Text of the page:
How to get what you really want

Roger Trapp reviews a new book that advocates a little give and take as the key to successful negotiations
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The Independent Culture
Imagine you are negotiating a commercial lease with a tenant and he insists on including the phrase "time is of the essence" in the document. The concession is of no consequence to you. What do you do? Or how about this situation? You have a boss who is a bully. He seldom has a word of praise for you and becomes very angry if you make the slightest mistake. What do you do?

Many will find the answers to such situations obvious - depending on whether they tend to a confrontational turn of mind or are more inclined to go with the flow.

But, according to negotiating expert Gavin Kennedy, the obvious answer is not always the route to success.

Take the first situation. Some people would automatically include the phrase on the grounds that it does not matter. Kennedy says no. Just because something is of only limited importance to you does not mean that it is of no importance to the other person. "If he wants it, he values it and how much he values it - compared to you - is of singular importance to you," he says.

But grudgingly including it is not, according to Kennedy, the right way either. Someone in that situation should not include something without trading it for something else.

Kennedy's approach would be to wait and see how important the phrase was for the tenant - on the grounds that the key issue is not how important it is to you but how much it is worth to the other side and hence what he is prepared to trade for it.

Similarly, in the second case, many people would suggest letting the boss know how he upsets you or else just try to placate him and therefore keep out of trouble. Kennedy recommends neither what he regards as a solution favoured by "tree huggers" nor "keeping your head down". The former has little benefit other than making you feel better at the time, while the latter is a stance that is difficult to maintain. Instead, he says, the bullying should be ignored and not be allowed to affect what you do.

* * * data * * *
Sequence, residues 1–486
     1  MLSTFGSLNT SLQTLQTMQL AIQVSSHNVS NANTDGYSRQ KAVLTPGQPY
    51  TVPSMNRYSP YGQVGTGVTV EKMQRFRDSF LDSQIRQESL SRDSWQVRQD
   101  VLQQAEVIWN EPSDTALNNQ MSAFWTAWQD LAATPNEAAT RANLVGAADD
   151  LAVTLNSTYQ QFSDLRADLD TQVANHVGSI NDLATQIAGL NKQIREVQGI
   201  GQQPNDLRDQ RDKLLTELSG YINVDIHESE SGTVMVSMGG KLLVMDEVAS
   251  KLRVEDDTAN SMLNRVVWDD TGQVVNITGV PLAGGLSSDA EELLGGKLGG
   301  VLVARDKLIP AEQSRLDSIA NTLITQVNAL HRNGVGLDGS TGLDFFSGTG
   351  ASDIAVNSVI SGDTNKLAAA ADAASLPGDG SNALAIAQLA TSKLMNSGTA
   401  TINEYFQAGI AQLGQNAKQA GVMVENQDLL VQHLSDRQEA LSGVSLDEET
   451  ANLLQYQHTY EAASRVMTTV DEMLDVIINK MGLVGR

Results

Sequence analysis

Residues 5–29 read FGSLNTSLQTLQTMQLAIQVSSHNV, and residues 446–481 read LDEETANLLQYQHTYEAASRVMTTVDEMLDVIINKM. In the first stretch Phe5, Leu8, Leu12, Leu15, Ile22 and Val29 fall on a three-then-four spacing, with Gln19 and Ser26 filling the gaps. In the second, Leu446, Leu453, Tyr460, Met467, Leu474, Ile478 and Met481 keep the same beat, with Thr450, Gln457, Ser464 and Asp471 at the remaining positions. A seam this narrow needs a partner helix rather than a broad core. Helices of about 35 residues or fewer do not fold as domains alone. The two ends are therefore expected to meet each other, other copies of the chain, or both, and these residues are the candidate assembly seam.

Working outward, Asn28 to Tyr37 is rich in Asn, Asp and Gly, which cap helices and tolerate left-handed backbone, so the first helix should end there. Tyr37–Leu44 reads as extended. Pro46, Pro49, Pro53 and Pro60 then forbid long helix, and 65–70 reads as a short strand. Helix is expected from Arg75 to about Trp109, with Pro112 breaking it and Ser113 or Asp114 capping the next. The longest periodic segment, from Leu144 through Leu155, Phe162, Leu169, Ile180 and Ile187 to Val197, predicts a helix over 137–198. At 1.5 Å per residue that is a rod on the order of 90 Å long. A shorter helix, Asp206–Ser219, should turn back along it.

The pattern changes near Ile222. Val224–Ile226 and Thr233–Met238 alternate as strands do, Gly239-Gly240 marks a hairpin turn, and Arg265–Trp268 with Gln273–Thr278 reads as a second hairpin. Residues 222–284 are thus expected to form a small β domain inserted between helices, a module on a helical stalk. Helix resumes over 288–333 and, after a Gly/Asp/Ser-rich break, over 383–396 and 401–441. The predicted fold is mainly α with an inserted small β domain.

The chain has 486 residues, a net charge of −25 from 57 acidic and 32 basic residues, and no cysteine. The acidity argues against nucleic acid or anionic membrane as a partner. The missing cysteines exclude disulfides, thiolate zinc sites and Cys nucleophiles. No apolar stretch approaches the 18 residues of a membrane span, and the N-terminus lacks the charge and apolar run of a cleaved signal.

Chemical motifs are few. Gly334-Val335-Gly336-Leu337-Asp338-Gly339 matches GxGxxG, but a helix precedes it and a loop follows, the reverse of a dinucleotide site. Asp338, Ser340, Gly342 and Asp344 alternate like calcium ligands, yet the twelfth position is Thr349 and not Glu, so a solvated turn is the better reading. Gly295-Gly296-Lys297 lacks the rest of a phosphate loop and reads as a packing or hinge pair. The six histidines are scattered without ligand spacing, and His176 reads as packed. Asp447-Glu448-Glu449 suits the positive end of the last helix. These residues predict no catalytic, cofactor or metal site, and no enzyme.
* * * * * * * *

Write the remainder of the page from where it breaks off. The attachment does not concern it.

The behaviour that Kennedy, a professor at Edinburgh Business School and author of the just-published book The New Negotiating Edge, advocates comes under a style that he terms "purple". This is because it is a blend of the red style traditionally associated with tough negotiators and the blue style favoured by principled types who see rational problem-solving as the way to achieve "win-win" solutions.

Kennedy saw the need for a different approach because the red style, by assuming that negotiation is all about manipulation, tends to harden attitudes, while the blue one is over-trusting of other people.

"The key to solving dilemmas of trust and risk," he writes, "is not to alternate between non-trusting red and too-trusting blue, but to fuse them into purple conditional behaviour.

"This fusion neatly expresses the essence of the negotiation exchange: give me some of what I want (my red results side) and I will give you some of what you want (my blue relationship side). Red is taking behaviour, blue is giving behaviour and purple is trading behaviour, taking while giving."

The strength of purple behaviour, he argues, is that it is a two-way exchange rather than a one-way street and moreover deals with people as they are and not how you assume or want them to be.

The importance of realising this, he says, is that in the modern business environment everybody has to negotiate. Though arguments continue over the role of trade unions, the reality is that increasing numbers of people have their terms and conditions of employment dealt with through individual negotiations rather than collective bargaining.

Moreover, in flatter, less hierarchical organisations there is less room for deference and more need for discussion and co-operation, or negotiation.

Kennedy, who runs a consultancy called Negotiate Ltd that specialises in the field, has an e-mail address to which he invites people attending his courses to send their problems. Unsurprisingly, a good proportion of them are related to personal pay, for - as he says - money may not be the prime motivator for employees, but where there is a grievance it can be a demotivator.

But he acknowledges that even with the help of the book and whatever advice he dispenses via e-mail, many people will still feel unable to deal with workplace issues on their own. For this reason he would like to see the call for greater trade union rights widened so that employees could be represented by anybody they wanted.

That, he says, would lead to the arrival of groups of professional negotiators, or agents, who would look after their clients' interests in a work environment that the consultants say is getting to be more like the film world all the time.

"The New Negotiating Edge" is published by Nicholas Brealey (pounds 20 hardback, pounds 12.99 paperback). Gavin Kennedy's e-mail address is gavin@neg1.demon. co.uk.

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